Any fisherman is always on the constant lookout for better fishing equipment. That way, they can ensure a properly safe fishing experience.
As a general rule, your fishing sunglasses are the most essential part of your gear. In total, you have two options: polarized fishing sunglasses and non-polarized ones.
Either choice comes with its own uses. Both non-polarized and polarized fishing glasses also have their pros and cons. To make the choice easier for you, we’ve gathered below all the information you’ll need.
Polarized Vs. Non-Polarized Glasses
Here’s the difference between either option:
These fishing sunglasses are called polarized since they reflect much of the sun’s glare. Most polarized glasses also have UV protection, but polarization alone doesn’t offer any protection. It only reduces the glare from sunlight.
These sunglasses are typically expensive and dark in color.
As opposed to polarized glasses, non-polarized ones don’t reduce the glare from the sun. But, all non-polarized glasses are coated with a UV protection layer. They’re also budget-friendly and come in many colors.
What to Look For When Buying Fishing Sunglasses
Now you know the primary difference between a polarized and a non-polarized pair of glasses. But, how should you go about choosing either?
Well, here’s a bullet list of things to check off before making your purchase:
- Pick a waterproof pair. It’ll do you well when out in the water.
- Make sure they’re impact-resistant as well. Since you don’t know what to expect when out fishing, it’s best to be prepared.
- Your sunglasses should be scratch-resistance too. This will prolong their shelf life.
- The glasses’ fit must be perfect for your own convenience. That’s why you should check that they’re lightweight and not heavy on your nose bridge.
- They also shouldn’t slip off easily. That’s why you’d want a pair of glasses that come with a nosepiece and temple inserts. These will help keep the glasses in place.
- Go for a sturdy pair of glasses. You need a pair that’ll withhold a struggle that might happen between you and a stubborn fish.
- You want your eyes to be wholly protected from the UV rays. So, choose a pair with a wraparound shape to cover your eyes well.
Want to go the extra mile? What about getting a suitable pouch to safely keep them in? Also, keep a clean cloth in it to wipe away water and dirt off your glasses.
4 of Our Best Recommendations for Polarized Fishing Sunglasses
The previous list may have seemed overwhelming to you; however, don’t stress yet! We’re here to help you even more by offering our top 4 recommended brands.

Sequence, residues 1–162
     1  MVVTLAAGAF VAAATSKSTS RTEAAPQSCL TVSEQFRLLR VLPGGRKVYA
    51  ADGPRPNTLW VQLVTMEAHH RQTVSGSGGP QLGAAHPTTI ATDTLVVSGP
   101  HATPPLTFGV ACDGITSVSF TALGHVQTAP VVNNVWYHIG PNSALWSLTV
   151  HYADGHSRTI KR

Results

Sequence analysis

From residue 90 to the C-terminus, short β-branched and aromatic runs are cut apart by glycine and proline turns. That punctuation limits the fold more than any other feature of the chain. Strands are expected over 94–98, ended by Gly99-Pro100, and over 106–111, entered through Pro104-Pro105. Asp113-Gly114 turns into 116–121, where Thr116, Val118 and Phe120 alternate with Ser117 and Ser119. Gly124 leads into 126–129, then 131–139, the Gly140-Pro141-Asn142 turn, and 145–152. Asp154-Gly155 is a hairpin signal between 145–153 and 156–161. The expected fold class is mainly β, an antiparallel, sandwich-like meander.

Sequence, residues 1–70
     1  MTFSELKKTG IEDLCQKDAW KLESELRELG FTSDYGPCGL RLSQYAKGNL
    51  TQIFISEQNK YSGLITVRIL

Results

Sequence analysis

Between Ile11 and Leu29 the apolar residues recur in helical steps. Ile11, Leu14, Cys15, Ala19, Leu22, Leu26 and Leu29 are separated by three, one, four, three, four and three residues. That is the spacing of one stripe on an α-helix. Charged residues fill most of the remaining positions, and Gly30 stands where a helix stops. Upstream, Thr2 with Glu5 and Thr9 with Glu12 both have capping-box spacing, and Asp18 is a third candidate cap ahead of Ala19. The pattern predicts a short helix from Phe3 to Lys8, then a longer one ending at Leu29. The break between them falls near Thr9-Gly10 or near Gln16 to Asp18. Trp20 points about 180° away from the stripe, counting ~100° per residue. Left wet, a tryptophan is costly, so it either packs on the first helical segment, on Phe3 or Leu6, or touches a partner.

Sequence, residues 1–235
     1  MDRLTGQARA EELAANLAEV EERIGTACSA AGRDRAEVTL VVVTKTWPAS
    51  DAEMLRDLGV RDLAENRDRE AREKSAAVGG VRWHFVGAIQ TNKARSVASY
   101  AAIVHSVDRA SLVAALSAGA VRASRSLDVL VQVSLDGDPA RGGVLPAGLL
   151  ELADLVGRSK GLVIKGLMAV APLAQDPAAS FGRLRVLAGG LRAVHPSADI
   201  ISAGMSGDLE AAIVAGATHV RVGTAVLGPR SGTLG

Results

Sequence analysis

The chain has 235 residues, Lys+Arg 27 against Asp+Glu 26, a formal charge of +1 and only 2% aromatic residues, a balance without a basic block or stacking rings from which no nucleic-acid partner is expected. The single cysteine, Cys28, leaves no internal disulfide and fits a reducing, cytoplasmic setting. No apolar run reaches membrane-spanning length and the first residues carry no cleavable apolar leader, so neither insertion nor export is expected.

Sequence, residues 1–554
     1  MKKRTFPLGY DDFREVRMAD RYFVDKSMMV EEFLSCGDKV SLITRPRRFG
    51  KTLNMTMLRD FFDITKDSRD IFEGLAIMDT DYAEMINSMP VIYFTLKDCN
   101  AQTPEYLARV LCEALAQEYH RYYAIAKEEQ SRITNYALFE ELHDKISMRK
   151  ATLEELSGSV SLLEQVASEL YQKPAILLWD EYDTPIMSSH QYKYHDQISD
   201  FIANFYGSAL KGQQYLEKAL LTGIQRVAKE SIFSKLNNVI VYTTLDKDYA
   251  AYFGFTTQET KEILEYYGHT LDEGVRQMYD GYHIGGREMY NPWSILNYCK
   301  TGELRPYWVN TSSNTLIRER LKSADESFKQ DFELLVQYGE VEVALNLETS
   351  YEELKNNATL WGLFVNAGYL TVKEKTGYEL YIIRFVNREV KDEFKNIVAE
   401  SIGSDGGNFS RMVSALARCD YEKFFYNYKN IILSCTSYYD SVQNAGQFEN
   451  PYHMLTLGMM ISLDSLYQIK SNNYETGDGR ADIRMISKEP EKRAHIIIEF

The following list includes all you need to know about these four sunglasses in terms of function, shape, size, and more.
The Reefton sunglasses are Costa’s best-polarized fishing pair yet. Plus, their lens comes in both blue mirror and gray silver. These two colors are best for bright sunny days, whether on land or at sea.
Here are Reefton’s pros and cons:
- Water and sweat-proof lens good for hot days out in the water
- Rubber nose and temple aids that’ll keep the glasses secure on your face
- UV protection coating to fend off the harmful sun rays
- Size made to comfortably fit large heads
- It can be considered costly
- Not an anti-fog lenses, which may make fishing difficult on foggy or high-heat days
Based in Hawaii, these Maui Jim glasses were inspired by the Southern Cross constellation there. That’s why this pair of sunglasses provide a range of bronze, green, and gray polarized lenses.
These are the Southern Cross’ pros and cons:
- Maui Brilliant lens of high-quality material that’ll help you see clearly
- Water-resistant and glare-protection lens to protect your eyes from UV rays and seawater
- A comfortable fit that comes with rubber nose pieces and temple aids, preventing the glasses from quickly slipping off
- Lightweight, so it won’t give you a headache after a long day out fishing
- Maui Jim sunglasses are pretty expensive
- They don’t come in wider frames, so they won’t fit all
Waterland is known for manufacturing polarized lenses with attractive hues, and the Catchem model is no exception–your sunglasses will undoubtedly stand out from the crowd.
Here are Catchem’s pros and cons:
- Lenses are available in icy blue, orange, and green colors to cover a wide range of uses
- HueView lens technology that’ll help provide a crisp and clear image of your surroundings
- UV and glare protection. It also comes in wide frames that are sure to fit most heads
- Made from polycarbonate material that ensures its lightweight and durability
- Limited availability that depends on where you live
- They may be waterproof, but their lens lacks an oleophobic coating that repels oil or sweat from your hands
The Aspect model from Wiley X would be the closest in shape to regular sunglasses if their polarized lens didn’t give them away. Their frames come in various colors as well.
Here are Aspect’s pros and cons:
- Shatterproof, polycarbonate lenses that make the Aspect glasses durable and lightweight
- Double-injected rubber nose pieces and temple support that allow for a comfortable and non slippery fit
- A budget-friendly option as opposed to its expensive alternatives
- It comes in either gray, green, or bronze lenses that are water, impact, and fog-resistant
- Their frames aren’t wide enough to fit all, so they’d either be too tight or won’t provide enough coverage for your eyes
- The lenses aren’t scratch-resistant, so they might get ruined quickly if you don’t take care of them well
So, in summary, which fishing glasses are the best? The polarized fishing sunglasses or the non-polarized ones?
We’d recommend polarized glasses if you enjoy outdoor activities besides fishing, such as boating, biking, or jogging.
Our top pick from above is undoubtedly the Waterland Catchem glasses. Not only do they provide a wide range of colored lenses to protect your eyes from the sun’s glare all day, but they also offer solid quality.